There’s no point renovating the door of a house built on shit foundations. Companies need to make the internal culture of their teams more inclusive whilst also working on hiring a more representative workforce.
This all paints a grim picture that is worlds apart from what I outlined in the opening paragraphs. So how did an industry with so much potential end up goofing it that hard?
When you consider a tech hub like Silicon Valley, one major barrier to entry is the rent. It’s too damn high. Minority ethnic groups are far less likely to come from more affluent backgrounds, meaning the more influential and profitable jobs go to people with the ability to survive in a competitive rent market on an entry level salary. The pandemic offered a reprieve from this issue, but sadly with more and more tech firms determined to force employees back to the office, it looks like this problem will continue to affect the industry.
Another aspect is that the most advanced positions, like those working with AI and quantum computing, are incredibly competitive. This means that firms compete for graduates from top level universities to quickly excel and grow.
A firm on the cusp of creating a cutting edge product is more likely to pick someone who graduated top of their class in Computer Science in Stanford than someone who taught themself Python in their spare time. It’s a safer bet to take an accredited student vs a self taught one, and because tech primarily exists within the same capitalist structures other industries do, they’re going to take the safe bet every time.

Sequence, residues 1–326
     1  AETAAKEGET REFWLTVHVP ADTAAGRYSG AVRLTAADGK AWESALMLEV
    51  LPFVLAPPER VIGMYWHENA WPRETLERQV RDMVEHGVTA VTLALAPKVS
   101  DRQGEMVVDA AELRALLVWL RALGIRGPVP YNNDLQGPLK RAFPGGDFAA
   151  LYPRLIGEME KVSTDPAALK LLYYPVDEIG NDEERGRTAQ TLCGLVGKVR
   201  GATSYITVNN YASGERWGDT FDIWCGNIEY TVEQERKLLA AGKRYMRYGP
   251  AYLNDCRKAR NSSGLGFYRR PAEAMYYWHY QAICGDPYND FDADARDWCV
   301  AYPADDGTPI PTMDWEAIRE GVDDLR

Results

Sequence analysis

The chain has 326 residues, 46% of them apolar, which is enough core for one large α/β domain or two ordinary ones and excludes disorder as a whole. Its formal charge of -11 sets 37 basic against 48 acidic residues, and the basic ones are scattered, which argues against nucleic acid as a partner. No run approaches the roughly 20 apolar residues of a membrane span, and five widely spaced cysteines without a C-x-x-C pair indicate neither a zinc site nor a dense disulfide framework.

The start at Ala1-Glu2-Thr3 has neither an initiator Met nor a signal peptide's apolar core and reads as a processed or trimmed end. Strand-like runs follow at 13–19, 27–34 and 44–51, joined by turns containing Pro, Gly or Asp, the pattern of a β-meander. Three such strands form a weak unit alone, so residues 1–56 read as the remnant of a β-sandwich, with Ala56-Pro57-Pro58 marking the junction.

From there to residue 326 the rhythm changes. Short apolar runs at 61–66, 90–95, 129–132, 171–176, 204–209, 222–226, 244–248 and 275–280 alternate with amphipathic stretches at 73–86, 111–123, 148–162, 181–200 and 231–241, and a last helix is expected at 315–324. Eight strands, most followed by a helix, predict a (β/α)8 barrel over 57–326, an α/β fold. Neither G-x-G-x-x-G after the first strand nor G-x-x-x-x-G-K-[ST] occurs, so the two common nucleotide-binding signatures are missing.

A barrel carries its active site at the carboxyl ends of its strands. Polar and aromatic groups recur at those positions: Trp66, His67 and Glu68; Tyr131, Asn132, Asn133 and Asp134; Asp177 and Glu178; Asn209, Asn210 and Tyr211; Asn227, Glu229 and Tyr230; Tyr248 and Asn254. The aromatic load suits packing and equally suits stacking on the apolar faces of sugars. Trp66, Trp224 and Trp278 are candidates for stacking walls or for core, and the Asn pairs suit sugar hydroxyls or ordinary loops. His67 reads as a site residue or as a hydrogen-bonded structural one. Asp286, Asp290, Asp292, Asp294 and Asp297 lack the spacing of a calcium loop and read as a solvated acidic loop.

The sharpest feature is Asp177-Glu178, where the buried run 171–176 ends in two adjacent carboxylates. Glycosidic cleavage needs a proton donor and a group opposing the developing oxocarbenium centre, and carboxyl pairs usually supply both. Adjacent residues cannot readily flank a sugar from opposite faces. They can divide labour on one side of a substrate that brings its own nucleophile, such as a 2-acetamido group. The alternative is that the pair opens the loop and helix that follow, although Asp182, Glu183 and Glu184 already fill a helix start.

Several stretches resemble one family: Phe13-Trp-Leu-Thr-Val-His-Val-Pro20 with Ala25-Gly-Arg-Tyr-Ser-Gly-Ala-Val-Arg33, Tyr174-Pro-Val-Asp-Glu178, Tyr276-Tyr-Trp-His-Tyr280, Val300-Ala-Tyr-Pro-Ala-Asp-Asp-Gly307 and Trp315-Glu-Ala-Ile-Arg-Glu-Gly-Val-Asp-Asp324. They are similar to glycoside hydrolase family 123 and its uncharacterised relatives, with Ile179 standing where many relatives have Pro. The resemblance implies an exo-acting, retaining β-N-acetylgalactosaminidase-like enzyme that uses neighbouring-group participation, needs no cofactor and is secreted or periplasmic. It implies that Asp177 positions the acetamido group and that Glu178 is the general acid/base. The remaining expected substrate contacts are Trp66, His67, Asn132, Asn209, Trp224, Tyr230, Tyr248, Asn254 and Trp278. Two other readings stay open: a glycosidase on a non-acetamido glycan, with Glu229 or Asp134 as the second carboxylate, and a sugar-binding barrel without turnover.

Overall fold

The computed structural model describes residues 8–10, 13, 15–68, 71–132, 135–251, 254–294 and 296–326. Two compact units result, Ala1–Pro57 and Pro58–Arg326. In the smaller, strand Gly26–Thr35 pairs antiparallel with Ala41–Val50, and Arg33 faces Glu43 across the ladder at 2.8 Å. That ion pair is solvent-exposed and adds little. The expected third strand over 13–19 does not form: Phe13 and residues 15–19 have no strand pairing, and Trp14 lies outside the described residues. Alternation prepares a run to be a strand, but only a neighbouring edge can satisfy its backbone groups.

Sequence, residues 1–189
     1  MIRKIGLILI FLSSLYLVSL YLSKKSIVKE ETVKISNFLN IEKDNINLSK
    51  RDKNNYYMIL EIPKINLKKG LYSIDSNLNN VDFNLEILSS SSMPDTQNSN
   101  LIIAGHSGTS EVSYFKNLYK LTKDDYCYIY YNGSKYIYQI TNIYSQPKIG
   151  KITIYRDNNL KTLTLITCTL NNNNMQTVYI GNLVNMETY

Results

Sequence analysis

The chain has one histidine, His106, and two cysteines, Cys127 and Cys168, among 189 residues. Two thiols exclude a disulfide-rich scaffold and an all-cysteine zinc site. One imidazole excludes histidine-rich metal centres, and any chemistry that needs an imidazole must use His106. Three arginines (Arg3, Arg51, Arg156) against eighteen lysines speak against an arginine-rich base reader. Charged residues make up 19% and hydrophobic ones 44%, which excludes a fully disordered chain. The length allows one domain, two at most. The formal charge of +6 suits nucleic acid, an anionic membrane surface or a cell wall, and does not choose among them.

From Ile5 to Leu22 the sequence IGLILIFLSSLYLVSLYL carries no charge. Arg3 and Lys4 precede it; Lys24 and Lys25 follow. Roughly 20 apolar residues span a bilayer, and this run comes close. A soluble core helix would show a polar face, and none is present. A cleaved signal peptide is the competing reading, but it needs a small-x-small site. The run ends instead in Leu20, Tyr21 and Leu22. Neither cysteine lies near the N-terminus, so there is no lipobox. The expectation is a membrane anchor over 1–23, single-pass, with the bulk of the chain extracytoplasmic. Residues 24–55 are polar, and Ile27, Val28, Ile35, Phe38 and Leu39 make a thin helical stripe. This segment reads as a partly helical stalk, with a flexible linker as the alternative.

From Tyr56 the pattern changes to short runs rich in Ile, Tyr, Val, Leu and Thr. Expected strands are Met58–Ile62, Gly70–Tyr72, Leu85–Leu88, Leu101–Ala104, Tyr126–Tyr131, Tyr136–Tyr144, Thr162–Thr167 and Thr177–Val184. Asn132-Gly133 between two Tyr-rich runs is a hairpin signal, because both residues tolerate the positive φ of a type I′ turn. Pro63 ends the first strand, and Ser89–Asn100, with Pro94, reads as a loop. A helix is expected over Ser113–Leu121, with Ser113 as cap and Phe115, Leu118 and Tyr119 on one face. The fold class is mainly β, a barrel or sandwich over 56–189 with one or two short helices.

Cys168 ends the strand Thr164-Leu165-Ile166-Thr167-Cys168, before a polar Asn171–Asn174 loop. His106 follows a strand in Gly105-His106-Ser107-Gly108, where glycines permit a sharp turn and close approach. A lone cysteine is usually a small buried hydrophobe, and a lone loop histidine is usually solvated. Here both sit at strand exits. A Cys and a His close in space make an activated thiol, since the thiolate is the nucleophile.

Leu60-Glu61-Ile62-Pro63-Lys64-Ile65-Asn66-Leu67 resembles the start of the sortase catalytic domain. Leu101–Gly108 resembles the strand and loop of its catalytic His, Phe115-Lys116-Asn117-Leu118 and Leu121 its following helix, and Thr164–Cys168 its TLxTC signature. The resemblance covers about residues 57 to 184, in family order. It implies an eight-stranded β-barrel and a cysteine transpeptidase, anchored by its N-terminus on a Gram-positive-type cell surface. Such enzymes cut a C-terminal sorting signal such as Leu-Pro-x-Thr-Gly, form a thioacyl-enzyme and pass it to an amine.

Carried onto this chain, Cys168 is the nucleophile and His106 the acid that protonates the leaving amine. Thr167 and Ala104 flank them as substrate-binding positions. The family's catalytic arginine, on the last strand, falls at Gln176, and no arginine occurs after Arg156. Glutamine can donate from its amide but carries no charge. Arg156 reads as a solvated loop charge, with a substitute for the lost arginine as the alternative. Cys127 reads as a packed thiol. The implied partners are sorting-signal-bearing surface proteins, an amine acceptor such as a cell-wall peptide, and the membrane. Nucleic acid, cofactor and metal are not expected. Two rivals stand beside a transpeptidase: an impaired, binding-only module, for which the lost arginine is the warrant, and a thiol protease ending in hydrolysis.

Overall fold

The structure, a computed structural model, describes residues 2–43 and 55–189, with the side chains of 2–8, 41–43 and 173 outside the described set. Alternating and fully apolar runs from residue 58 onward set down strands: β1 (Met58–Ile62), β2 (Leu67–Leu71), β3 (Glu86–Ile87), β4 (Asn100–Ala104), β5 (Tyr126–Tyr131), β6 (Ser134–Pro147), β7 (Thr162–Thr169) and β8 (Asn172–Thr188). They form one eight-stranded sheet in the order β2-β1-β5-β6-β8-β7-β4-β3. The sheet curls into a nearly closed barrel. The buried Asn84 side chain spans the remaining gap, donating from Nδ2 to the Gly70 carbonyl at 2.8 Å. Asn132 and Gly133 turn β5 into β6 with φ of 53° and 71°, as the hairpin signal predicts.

It’s widely understood that higher education favours white, male students. Poorer, more ethnically diverse neighbourhoods tend to have schools with larger class sizes, which is detrimental to students’ learning and have been empirically proven to affect student attainment, meaning their access to universities and colleges is limited and they miss the chance to work on projects that shape our future as a species.
But there is also an underlying psychological reason that white and Asian males are predominantly favoured in tech roles : a small unconscious bias called the Representativeness Heuristic.
This bias essentially affects how we determine a person or event based on the representative model we create of the perfect version of that person or event.
An excellent example of this comes from my favourite sport: basketball.
In 2010, a young Asian-American Harvard graduate named Jeremy Lin went undrafted in the NBA draft.
In 2011, the same Jeremy Lin played a string of games so good he created a worldwide fever pitch known as “Linsanity”.
How did 30 NBA teams pass up on a guy so electric that he, at one point, hit a shot so good that his opposition even cheered it?